When I travel, eating food local to the region or at some of the area’s best restaurants, is one of my favourite (and most delicious) ways to explore. You can always find good food—anywhere you go, but there are some places a food lover just feels right at home, like for instance, in pizza and pasta’s motherland!
If you’re travelling to Italy, specifically, to Rome, then there are certain foods you’ve got to eat!
They won’t be hard to come by either, because they’re part of the food fabric of the region (a.k.a. you’ll find a lot of these on almost any restaurant menu). During my visit to Rome, I made it my mission to try a bunch of very “Roman” foods. There are lots of great local food tours you can book, and even make-homemade-pasta classes, which all sounded great, but Mike and I opted to do our own little food crawls each day, and it made for some pretty fun adventures and fairly full bellies.
Below are 10 Roman classics you’ve got to try when visiting Rome, Italy.
Travel Guide: 10 Foods to Eat in Rome, Italy
1. Roman Pizza
Mike and I didn’t realize until we got to Rome, that Roman pizza is thin crust—my favourite! No thick outer edges or deep dishes here (well, that’s not true. I’m sure you can find it, but it wouldn’t be considered your classic Roman pizza!) Pizza popular to the region Lazio (of which Rome is the capital), is thin and super crispy, and typically comes with maybe one or two toppings (we found a lot of “less is more” when it came to food toppings in Rome). In some Rome neighbourhoods like at Doppiozeroo restaurant in Ostiense, we also got to try Roman Pizza al Taglio—long, rectangle pizzas sold by the square slice, where you’re charged by the weight of that slice. This type of pizza is also quite Roman! Look for it when you visit.
2. Cacio e Pepe Pasta
Cacio e pepe is a classic, super ancient Roman dish comprised of just three ingredients: pasta, pecorino cheese, and black pepper (the translation is “cheese and pepper”). It is said that the dish originated with Roman shepherds, and when they left the countryside, they carried with them ingredients to make cacio e pepe. Cacio e pepe is super rich and creamy, but not from milk, cream, butter, or oil—it’s from mixing cheese and pepper with pasta water. This cheese and pepper preparation is becoming increasingly popular in North America, and goes beyond pasta too—for instance, I’ve also had the pleasure of eating cacio e pepe popcorn and cacio e pepe chips. D-e-l-i-c-i-o-u-s! We had cacio e pepe in a few spots in Rome (it’s literally everywhere) but I really enjoyed the one from Ai Cocci.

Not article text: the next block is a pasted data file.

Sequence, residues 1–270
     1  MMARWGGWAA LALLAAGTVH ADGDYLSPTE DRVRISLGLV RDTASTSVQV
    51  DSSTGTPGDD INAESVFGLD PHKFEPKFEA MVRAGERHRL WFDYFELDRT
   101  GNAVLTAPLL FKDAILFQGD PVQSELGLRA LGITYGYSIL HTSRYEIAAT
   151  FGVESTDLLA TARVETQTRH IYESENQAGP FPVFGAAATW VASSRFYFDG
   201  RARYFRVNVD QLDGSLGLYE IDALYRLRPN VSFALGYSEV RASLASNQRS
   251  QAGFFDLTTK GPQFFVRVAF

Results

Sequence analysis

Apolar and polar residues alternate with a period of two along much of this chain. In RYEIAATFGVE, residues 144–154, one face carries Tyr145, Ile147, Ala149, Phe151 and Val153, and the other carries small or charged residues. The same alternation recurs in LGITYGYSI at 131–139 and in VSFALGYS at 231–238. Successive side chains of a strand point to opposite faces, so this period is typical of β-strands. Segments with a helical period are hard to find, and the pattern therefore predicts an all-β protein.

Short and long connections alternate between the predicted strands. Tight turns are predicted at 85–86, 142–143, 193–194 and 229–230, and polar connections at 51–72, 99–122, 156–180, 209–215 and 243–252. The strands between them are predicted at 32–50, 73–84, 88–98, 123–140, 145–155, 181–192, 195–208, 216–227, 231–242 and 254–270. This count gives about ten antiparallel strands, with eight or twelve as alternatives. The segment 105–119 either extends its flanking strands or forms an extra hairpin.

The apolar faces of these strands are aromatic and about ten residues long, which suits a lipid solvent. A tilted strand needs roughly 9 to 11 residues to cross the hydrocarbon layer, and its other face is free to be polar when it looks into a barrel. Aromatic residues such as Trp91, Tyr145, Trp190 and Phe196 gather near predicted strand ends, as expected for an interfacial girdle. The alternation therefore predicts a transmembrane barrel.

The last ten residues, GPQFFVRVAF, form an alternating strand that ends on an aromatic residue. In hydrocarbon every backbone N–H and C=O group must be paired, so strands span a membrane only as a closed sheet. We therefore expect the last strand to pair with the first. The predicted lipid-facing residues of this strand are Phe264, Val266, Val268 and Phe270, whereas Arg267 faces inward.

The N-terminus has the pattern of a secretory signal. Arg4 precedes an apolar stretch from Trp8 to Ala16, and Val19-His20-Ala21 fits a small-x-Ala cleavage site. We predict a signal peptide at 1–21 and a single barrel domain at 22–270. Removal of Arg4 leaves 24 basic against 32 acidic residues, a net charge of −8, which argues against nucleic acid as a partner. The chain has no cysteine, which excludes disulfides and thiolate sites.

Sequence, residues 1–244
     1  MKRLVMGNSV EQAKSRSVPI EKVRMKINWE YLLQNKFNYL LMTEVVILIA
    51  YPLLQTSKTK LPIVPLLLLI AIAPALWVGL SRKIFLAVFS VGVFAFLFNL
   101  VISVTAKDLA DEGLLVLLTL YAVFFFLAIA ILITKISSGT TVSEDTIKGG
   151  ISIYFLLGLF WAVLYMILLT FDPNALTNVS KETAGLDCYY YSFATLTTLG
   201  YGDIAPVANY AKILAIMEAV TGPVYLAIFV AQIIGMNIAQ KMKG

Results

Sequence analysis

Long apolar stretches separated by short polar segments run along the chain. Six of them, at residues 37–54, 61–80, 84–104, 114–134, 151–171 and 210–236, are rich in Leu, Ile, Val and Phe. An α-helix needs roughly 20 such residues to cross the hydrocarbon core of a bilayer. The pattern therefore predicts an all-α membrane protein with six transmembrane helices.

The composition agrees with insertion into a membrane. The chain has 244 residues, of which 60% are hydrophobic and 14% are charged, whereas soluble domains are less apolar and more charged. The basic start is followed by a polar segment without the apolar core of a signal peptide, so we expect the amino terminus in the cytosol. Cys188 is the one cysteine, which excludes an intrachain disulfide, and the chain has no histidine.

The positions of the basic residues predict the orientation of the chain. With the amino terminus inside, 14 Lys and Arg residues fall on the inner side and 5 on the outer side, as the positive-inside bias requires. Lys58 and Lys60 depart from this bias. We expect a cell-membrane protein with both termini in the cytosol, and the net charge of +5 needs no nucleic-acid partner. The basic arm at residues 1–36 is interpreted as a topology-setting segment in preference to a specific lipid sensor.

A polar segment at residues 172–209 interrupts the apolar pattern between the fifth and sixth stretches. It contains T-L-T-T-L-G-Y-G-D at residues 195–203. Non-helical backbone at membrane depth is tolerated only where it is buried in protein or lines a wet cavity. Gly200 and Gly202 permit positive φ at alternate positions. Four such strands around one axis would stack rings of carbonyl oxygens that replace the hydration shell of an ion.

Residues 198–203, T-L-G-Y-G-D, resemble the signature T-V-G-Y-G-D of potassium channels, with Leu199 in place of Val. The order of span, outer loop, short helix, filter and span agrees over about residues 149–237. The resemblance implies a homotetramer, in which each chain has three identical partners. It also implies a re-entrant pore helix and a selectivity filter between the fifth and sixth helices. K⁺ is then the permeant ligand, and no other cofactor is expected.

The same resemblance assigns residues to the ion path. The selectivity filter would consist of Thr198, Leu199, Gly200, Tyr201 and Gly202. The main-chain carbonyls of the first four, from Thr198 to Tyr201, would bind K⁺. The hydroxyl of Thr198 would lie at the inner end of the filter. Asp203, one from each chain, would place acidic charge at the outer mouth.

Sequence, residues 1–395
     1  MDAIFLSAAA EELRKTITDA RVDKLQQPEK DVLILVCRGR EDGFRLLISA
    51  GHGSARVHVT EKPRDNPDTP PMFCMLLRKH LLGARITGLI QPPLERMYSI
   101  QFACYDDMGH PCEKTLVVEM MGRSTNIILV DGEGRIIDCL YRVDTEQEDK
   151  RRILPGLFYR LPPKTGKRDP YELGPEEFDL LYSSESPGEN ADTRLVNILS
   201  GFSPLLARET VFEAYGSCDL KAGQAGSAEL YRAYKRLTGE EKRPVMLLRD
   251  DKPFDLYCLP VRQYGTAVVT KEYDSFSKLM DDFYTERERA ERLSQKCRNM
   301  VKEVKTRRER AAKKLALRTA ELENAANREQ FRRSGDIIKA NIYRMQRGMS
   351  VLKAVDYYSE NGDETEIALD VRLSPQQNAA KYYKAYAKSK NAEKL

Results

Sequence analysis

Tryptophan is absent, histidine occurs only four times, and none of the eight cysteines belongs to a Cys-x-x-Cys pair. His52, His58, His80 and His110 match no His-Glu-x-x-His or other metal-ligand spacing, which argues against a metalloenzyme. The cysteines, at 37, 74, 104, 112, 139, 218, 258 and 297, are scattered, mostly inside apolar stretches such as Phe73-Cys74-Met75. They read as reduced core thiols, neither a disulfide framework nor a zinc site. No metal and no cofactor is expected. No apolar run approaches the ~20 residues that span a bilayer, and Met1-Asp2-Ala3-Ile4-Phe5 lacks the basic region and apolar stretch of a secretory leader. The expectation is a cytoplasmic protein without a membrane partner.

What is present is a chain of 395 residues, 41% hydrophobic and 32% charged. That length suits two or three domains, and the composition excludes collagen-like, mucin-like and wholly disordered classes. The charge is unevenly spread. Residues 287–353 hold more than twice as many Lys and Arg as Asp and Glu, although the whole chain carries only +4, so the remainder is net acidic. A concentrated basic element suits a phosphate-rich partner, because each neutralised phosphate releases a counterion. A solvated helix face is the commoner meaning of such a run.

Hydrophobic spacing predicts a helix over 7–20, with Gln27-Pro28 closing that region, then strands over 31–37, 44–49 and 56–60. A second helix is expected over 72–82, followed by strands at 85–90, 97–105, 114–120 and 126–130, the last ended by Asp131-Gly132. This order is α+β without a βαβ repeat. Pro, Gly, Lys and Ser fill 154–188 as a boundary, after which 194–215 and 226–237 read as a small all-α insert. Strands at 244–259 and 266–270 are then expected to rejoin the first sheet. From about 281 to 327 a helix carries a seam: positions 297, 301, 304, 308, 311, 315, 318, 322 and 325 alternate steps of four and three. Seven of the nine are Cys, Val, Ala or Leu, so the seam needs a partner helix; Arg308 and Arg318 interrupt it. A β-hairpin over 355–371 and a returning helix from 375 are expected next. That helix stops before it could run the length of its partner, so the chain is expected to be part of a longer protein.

When you visit Rome, you’ll find it has some signature street food, like the ‘Trapizzino’—a mix between a sandwich and a pizza, this triangular cone comes stuffed with some kind of meat or vegetable. These Trapizzinos are pretty cheap (you should be able to get them for under 5 euro) and are a popular Roman snack. They are hot, filling, and depending on your stuffing selection, can be really delicious. You can get pretty standard filling like meatballs or chicken, but then there are some places that have more exotic fillings. Often served (or suggested that you eat it with) wine or beer! That’s how we had it at BeRe, a brew pub near the Vatican. We tried it at the end of our first night in Rome and Mike said it was the best thing he’d had all day!
4. Spaghetti alla Carbonara Pasta
Another popular pasta which originated in Rome is carbonara! Like its sister cacio e pepe, this Roman classic which typically comes with a spaghetti noodle but can be made with other types of noodles, doesn’t require a whole lot of ingredients—pasta, eggs, pecoroni cheese, and pancetta (cured pork belly) or guanciale (cured pork cheek/jowl). American recipes often call for heavy cream, but to a Roman, that’s crazy. You shouldn’t need it. How the egg is stirred into the pasta is how the dish gets its creamy consistency. Apparently carbonara’s origins are pretty debated. It’s not as ancient as cacio e pepe. It could possibly have been introduced to the region in the late 40s/50s, possibly after or as a result of World War II. Or they say it could have originated with coal miners. Regardless of how it came to be, it is a must-eat when you visit Rome. In fact, for us, it was the very first dish we had when we got off the plane. Perfect!
Gelato (Italian ice cream) is one of my favourite desserts and in Rome (well, anywhere in Italy), you can find gelato shops on almost any corner! Fruity, light (gelato isn’t as fat as ice cream and made with more milk than cream), refreshing, delicious, and affordable, I could have gelato multiple times a day—in fact, some days in Rome, I did! A cup or cone of gelato is pretty darn affordable in Italy in general, most of mine were in the 2 to 2.50 euro range. You might find they get a bit pricier closer to tourist spots. In the lovely Travestere neighbourhood of Rome, I got a gelato cup for just 1 euro at a place called Otaleg.